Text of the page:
“To observe attentively is to remember distinctly.” -Edgar Allan Poe
You’ve spent months, maybe even years, writing and perfecting your solo show script. You’ve dedicated hours in front of your computer selecting the perfect adjectives, killing one precious darling after another, constructing clever sentences, punching up your punchlines, and highlighting the most memorable moments of your life.
All of that creative expression and dedicated work has culminated into a one person play that you can truly be proud of.
Now, you are looking down at page after page of this hour long play that you just printed off and you begin to ask yourself…
“How the hell am I going to memorize all of this??!?!?”
Your trepidation is certainly warranted because putting a solo show to memory is unlike the feat of recalling lines in a typical ensemble play. Afterall, it is solely you up on stage with no one else to bail you out if you go up on your lines and there are no backstage breaks to consult your script while your castmates carry the plot along on stage.
However, it is crucial that you face and conquer the fear of memorizing your solo show because it is impossible to perform from your heart if you are stuck in your head.
When you perform from the heart, you’re connecting emotionally to the content of your story. You are authentically and confidently expressing yourself. You are fully immersed in the world you’ve created. Your audience can sit back and relax knowing that you’ve got this so that they can simply enjoy the show.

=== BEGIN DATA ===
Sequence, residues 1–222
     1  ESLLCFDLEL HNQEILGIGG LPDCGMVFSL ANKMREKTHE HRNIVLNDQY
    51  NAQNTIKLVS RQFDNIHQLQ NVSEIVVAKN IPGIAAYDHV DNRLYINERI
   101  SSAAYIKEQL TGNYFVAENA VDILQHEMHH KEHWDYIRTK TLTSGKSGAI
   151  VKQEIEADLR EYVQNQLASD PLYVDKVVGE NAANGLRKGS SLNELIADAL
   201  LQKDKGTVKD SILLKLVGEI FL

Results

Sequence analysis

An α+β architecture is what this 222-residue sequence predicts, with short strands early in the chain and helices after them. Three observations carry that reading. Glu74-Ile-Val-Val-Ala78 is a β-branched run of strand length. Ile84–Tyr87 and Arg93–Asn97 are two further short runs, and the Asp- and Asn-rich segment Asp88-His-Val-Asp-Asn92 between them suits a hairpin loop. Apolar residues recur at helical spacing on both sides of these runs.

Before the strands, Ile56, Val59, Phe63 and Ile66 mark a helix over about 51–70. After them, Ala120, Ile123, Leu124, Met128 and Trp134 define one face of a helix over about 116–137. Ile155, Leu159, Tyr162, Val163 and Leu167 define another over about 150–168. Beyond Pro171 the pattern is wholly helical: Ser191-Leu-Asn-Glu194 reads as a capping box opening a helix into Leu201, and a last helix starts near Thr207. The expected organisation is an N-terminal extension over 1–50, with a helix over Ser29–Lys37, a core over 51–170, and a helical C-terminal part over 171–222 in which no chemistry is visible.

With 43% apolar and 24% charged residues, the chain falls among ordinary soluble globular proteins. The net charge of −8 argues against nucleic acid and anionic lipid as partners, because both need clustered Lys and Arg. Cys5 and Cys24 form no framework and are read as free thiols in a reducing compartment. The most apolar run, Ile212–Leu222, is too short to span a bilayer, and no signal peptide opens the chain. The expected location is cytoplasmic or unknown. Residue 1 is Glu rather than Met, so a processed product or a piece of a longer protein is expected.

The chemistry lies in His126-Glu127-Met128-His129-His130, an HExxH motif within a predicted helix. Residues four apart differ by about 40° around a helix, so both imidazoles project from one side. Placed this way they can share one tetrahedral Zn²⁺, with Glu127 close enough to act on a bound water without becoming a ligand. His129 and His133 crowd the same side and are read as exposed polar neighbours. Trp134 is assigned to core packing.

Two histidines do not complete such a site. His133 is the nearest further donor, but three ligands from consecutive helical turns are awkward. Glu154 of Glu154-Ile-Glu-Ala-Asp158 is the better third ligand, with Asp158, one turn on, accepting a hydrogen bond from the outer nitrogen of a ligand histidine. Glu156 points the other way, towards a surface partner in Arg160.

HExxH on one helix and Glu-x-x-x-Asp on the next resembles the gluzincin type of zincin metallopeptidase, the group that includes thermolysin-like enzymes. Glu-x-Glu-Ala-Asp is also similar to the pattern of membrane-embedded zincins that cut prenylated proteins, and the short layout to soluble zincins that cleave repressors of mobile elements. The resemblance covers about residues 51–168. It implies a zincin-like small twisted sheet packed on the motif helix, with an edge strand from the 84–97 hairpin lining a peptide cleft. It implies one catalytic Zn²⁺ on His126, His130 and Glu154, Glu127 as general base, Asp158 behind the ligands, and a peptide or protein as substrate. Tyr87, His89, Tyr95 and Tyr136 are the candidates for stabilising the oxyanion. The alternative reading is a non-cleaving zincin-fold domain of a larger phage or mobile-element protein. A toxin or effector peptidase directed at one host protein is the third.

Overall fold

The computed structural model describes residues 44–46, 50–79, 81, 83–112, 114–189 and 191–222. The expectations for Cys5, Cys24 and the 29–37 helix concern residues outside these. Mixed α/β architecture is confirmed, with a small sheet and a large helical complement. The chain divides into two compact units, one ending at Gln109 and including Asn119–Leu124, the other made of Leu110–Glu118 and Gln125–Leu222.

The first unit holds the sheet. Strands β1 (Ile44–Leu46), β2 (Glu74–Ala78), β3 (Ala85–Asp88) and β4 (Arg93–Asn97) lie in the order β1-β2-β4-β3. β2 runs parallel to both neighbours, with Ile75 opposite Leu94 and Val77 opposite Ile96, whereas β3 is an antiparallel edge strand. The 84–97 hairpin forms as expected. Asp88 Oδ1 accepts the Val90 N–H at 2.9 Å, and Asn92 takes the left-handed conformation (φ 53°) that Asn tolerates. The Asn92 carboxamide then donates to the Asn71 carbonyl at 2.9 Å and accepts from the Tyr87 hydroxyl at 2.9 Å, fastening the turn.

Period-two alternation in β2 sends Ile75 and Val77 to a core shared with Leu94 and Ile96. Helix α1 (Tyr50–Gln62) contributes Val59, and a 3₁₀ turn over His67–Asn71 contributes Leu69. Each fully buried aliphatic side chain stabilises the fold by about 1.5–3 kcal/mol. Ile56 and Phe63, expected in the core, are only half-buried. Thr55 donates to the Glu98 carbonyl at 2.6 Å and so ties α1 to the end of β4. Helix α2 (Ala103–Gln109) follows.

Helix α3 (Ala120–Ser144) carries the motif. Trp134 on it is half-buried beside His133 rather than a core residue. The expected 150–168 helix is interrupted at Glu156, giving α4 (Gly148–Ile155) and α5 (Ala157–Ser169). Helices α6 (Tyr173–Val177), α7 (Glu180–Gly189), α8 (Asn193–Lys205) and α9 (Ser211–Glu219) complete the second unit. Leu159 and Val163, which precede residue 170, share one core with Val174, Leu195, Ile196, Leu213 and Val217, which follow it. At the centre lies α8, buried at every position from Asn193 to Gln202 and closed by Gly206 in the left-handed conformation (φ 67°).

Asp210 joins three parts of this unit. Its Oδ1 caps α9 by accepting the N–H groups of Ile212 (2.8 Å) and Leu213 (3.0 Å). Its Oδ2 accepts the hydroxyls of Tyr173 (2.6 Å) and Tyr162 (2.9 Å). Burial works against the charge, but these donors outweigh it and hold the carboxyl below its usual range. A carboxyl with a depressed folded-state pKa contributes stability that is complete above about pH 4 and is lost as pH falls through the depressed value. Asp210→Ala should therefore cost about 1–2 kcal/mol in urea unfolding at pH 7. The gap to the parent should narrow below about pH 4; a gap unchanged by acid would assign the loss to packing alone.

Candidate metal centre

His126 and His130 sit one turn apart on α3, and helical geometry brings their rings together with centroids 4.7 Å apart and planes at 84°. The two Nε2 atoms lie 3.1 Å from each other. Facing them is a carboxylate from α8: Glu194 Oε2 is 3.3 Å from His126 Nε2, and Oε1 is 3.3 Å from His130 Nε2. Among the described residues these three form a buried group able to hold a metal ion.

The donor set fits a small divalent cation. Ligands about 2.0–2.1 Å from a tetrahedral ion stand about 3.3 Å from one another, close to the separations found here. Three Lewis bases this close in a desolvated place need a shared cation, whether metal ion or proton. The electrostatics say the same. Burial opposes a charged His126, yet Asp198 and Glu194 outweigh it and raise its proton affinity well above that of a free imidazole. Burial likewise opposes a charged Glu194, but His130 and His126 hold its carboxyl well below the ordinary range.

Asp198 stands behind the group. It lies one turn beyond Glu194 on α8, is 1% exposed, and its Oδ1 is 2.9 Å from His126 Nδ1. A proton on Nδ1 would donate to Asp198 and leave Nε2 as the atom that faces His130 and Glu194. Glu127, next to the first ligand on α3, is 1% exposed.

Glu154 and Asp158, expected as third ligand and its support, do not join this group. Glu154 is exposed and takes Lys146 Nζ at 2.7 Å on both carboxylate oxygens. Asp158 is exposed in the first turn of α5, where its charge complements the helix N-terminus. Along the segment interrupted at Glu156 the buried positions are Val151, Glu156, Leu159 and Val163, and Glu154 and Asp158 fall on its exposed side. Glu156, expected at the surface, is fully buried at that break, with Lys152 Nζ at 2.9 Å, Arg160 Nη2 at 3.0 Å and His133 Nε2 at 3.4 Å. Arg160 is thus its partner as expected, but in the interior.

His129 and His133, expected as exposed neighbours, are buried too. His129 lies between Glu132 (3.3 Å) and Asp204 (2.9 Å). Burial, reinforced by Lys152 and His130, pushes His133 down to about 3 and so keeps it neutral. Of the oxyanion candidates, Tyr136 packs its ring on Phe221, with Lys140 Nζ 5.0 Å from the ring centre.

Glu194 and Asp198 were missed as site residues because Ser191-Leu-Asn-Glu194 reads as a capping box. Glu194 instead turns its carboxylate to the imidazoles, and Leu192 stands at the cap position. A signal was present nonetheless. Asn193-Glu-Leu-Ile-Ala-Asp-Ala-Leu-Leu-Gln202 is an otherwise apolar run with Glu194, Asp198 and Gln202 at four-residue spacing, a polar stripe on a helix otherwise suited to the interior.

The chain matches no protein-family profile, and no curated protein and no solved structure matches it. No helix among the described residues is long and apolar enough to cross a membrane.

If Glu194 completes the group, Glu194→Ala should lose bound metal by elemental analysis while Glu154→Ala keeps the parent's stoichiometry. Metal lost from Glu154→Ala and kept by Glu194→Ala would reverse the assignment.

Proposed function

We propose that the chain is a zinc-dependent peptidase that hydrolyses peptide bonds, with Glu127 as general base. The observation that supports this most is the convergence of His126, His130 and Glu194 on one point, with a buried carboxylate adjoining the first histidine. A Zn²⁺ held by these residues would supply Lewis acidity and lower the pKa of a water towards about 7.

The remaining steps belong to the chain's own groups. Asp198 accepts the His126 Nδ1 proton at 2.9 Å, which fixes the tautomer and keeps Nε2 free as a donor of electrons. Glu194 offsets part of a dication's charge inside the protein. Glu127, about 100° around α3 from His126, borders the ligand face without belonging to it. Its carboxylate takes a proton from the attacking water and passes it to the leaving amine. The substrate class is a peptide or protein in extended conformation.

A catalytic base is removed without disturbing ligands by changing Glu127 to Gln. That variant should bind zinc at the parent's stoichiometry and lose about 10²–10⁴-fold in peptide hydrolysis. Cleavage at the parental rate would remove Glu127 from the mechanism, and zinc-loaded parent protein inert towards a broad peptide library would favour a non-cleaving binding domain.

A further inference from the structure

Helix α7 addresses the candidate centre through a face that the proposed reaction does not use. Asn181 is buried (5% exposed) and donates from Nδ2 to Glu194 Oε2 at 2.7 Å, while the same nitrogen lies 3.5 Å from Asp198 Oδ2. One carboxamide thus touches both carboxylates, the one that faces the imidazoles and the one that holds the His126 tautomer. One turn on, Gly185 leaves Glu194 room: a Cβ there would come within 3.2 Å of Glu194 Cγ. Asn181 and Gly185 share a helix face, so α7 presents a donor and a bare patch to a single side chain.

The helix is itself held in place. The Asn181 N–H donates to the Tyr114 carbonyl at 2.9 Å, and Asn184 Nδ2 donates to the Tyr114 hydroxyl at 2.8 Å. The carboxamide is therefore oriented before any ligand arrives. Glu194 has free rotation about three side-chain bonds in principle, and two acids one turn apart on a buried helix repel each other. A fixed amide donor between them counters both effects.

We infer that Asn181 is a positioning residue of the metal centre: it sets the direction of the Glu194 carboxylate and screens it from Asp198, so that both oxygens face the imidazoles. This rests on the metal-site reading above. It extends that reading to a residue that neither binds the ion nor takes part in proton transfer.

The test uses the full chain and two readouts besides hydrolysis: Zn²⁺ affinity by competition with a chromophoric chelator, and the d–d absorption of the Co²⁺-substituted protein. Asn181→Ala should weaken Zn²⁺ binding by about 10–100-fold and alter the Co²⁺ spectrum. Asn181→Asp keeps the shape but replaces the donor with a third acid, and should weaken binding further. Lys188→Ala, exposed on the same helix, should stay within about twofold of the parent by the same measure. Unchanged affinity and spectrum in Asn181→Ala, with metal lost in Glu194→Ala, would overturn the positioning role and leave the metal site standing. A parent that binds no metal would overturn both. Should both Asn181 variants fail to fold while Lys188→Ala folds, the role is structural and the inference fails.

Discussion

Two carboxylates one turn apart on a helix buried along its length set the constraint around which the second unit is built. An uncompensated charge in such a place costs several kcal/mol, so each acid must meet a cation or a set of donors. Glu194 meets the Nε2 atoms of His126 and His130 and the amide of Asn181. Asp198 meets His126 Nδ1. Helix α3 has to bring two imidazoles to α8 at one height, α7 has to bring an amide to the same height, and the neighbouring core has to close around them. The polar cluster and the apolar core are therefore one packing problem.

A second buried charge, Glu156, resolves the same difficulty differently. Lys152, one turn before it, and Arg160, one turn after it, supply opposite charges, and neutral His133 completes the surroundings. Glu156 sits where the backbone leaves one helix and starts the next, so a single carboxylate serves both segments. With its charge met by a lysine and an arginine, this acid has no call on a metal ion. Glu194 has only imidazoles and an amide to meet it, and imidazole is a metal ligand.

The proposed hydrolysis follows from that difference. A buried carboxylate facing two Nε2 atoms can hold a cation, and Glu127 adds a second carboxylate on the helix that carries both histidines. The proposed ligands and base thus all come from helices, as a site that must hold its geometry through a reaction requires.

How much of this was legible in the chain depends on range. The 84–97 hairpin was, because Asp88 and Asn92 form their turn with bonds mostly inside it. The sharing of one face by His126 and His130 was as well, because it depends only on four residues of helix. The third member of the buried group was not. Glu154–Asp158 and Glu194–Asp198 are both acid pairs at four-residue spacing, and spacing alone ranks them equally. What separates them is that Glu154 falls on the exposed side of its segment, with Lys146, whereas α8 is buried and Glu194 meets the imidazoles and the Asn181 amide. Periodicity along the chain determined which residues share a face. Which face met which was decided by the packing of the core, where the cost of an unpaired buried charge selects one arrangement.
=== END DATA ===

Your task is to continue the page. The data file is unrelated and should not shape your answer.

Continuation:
Yet, if you’re stuck in your head, you’re so worried about the next line that your performance comes off as robotic and disconnected. Your audience senses your stress and they become worried about how you’re going to get through the show rather than being swept away by the drama of your solo story.
However, before you get totally psyched out and just give up, please know that you can totally do this!
I personally do not consider myself to be a quick memorizer and yet with the tips I am going to share with you in today’s blog, I was able to memorize, perform and tour two very successful solo shows for well over a decade. I have also aided hundreds of other solo artists in the memorization of their one person plays.
That said, I am here to support you in feeling cool, calm and collected when you hit the stage with your one person play.
Here are three of my tips and tricks to help you know your solo show inside and out.
1) Record & Relax
For this memorization exercise you will first record yourself as you read your entire script aloud to ensure that you are word for word, line for line, accurate. Pay special attention to emphasizing your CUE LINES (ie. the lines that prompt your technician to fire your lights, sound, projections, etc.). Be sure to keep a true pace of speech and capture as much real emotion as you can while you record to emulate how you will actually perform your show. Once the show is recorded, press play and begin doing something brainless like washing dishes, going on a walk, or painting with watercolors. Let the words seep into your subconscious mind as you do mindless tasks. Much in the same way we find ourselves reciting music lyrics or lines from movies we have listened to over and over again, this method will allow you to absorb your script on a subconscious level with little effort.